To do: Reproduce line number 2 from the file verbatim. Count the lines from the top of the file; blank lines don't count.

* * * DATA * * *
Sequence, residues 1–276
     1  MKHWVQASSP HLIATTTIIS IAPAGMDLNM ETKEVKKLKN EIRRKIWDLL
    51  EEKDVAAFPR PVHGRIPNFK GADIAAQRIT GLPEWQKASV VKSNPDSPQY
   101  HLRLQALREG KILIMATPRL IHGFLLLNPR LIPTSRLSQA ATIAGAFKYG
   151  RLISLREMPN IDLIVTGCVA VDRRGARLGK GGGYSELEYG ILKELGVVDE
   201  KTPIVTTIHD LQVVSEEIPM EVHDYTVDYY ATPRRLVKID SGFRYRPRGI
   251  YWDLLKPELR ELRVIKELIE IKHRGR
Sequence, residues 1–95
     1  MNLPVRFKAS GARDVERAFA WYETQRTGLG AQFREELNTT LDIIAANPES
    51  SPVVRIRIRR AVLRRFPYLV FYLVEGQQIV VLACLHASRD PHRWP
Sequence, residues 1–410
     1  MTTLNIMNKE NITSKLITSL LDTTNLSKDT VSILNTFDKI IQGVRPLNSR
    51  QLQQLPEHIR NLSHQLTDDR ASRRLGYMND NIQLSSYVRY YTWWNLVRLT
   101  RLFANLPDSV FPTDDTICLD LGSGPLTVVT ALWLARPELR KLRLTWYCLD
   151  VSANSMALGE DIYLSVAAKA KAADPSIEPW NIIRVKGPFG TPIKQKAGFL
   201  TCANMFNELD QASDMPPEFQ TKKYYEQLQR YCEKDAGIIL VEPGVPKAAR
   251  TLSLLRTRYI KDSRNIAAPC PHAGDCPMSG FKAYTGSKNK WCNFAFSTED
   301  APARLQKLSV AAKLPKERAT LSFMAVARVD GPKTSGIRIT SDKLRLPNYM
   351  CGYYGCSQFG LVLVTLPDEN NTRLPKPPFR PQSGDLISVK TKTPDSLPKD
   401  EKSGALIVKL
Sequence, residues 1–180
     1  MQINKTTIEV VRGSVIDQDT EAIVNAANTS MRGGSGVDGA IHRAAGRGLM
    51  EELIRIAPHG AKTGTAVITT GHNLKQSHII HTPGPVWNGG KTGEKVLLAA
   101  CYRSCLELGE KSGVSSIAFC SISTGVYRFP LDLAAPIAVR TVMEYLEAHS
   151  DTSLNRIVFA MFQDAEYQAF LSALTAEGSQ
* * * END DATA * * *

     1  MKHWVQASSP HLIATTTIIS IAPAGMDLNM ETKEVKKLKN EIRRKIWDLL